Leading Causes of Life
July 5, 2020 on the Patio
Call to Gathering
Leader: From loneliness and troubles times, we come
People: to discover that we are not alone.
Leader: From fears, despair, and our own insecurities,
People: we seek the refuge of our togetherness,
Leader: Into the sacred place that is Koinoinia we come
People: To gather our strength and hope and inspiration.
Leader: We find comfort and encouragement from the Holy in our midst.
People: To remove illusions and focus our vision,
Leader: we look beyond our own comfort and prepare for the next generations
People: To realize a world that works for everyone and every living thing, every where and all the time.
Message: Leading Causes of Life
This is a subject near and dear to me, ever since attending a conference with Gary Gunderson at Ghost Ranch in 2011. Along with his colleague Larry Pray, He wrote the Book on The Leading Causes of Life. He lives in Atlanta now and has made it his life’s work to promote the concept presently as Vice President of Faith and Health at Wake Forest University Baptist Medical Center.
We all know the leading causes of death. Until the pandemic of course, the leading cause of death in the US was heart disease. Today, Corona Virus has by far taken the lead.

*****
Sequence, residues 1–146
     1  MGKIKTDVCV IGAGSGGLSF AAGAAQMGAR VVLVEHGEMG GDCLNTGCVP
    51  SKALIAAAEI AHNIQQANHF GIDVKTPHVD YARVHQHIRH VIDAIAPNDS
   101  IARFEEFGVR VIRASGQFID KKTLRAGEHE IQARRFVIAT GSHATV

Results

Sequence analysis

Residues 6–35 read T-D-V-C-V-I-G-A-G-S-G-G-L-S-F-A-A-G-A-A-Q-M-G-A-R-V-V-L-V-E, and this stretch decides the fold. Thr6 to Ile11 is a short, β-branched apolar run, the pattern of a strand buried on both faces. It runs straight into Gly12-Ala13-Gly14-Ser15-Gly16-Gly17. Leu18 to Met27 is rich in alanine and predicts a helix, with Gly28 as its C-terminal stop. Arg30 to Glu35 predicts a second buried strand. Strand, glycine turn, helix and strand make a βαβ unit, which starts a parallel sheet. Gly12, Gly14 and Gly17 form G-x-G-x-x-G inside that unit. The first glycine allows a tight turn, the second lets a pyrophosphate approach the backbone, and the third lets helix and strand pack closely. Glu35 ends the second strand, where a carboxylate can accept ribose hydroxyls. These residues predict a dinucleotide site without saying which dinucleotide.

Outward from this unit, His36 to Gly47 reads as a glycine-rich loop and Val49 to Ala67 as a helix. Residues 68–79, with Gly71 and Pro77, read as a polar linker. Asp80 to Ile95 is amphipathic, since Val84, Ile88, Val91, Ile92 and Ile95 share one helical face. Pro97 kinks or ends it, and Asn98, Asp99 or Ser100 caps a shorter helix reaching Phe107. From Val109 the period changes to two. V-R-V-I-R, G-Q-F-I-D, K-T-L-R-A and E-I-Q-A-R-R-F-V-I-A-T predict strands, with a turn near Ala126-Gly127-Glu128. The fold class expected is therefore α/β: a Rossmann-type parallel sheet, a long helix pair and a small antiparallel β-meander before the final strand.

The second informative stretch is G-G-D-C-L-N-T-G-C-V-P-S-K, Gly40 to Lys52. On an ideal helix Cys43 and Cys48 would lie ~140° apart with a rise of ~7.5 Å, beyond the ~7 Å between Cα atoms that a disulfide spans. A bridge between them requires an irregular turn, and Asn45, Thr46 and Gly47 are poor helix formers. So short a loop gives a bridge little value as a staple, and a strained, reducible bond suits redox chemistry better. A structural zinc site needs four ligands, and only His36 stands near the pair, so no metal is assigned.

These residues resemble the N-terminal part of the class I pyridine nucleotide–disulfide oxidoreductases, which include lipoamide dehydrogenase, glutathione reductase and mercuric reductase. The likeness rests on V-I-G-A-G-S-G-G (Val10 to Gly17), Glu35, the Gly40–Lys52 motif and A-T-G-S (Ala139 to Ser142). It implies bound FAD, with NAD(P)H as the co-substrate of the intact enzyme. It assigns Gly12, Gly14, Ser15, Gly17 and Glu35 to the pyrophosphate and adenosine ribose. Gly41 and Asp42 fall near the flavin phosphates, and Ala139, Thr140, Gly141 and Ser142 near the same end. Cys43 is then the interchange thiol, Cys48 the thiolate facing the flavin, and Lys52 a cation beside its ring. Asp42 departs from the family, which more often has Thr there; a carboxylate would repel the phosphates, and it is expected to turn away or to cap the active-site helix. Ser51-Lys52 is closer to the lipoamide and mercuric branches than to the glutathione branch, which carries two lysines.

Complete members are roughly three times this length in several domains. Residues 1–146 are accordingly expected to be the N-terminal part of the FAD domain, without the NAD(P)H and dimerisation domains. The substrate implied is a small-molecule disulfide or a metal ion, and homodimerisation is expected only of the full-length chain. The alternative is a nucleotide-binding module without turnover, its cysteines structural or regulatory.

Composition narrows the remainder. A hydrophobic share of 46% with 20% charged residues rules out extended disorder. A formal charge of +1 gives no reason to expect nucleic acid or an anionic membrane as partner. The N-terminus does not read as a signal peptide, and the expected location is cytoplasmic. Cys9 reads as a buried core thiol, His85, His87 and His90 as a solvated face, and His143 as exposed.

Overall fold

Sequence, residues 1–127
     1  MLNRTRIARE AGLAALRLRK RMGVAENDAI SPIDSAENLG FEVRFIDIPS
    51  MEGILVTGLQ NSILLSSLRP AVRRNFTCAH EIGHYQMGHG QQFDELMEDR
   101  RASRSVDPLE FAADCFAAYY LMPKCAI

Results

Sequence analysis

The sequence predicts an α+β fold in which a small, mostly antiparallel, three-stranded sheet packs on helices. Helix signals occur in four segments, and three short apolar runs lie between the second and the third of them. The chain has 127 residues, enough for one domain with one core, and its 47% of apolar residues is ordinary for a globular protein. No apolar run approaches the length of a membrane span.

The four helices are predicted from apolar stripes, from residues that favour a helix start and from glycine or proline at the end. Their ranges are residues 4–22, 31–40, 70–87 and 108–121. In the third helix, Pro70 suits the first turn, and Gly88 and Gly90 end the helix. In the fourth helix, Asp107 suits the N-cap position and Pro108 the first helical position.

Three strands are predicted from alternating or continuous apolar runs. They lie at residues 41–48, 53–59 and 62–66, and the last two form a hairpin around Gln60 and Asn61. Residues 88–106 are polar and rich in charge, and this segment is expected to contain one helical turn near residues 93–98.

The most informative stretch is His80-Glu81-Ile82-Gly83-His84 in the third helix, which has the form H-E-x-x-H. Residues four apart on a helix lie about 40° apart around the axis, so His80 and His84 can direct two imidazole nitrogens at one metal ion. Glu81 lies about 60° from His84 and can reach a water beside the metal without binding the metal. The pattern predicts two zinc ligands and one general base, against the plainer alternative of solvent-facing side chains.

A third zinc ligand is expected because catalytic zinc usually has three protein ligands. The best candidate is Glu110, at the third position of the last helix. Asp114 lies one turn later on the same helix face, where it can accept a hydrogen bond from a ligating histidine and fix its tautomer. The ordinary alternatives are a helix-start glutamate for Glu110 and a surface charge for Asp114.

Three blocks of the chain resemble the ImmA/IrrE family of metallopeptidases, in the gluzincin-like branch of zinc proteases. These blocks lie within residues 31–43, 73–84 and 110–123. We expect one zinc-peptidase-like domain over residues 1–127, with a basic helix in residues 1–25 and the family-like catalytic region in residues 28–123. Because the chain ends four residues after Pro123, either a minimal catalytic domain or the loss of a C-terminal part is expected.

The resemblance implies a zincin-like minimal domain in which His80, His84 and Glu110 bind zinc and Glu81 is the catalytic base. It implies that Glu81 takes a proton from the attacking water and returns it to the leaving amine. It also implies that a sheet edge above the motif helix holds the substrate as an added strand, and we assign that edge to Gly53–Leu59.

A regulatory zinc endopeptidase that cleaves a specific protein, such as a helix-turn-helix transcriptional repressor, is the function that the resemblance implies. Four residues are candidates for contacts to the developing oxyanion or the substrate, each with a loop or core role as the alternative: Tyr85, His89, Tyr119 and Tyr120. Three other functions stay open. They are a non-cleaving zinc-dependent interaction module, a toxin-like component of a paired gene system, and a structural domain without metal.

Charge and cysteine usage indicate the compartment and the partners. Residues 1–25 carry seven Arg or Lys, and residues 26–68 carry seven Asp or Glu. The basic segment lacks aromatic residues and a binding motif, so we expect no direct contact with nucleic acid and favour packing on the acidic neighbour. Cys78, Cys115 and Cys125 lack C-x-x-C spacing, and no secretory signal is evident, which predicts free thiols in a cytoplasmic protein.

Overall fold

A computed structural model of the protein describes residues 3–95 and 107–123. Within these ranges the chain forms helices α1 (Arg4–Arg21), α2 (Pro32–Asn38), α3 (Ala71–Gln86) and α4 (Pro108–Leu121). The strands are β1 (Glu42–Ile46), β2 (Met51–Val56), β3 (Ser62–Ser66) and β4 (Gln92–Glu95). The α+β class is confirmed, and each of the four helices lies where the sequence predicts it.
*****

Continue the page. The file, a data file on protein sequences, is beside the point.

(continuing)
No doubt recognizing and anticipating the causes of death has been a huge success responsible for adding 37 years to our life expectancy here in the U.S. Although still increasing somewhat, the overall life expectancy in the U.S. appears to be leveling off and in fact, declined in 2016 and 2017.
There’s no disputing 21st Century medicine has an extraordinary array of tools techniques and technologies that are effective in putting off death and disability. And we need them. We need all of it.
But, if you’ll permit me, I’d like to suggest that we may have reached the limit of what can be achieved by focusing only on the pathologies of death. The scales may have tipped in favor of quality of life versus quantity of life.
But do we know what the leading causes of life are.
We can begin making choices that lead toward life and give up the idea of illness and replace it with wellness. In addition to what is killing us, the time has come for us to think about what makes our life worth living. We can begin to act in ways that nurture life. But how do we choose life when all we have are the tools that fight death? A key is to focus on what is thriving in us and in our lives.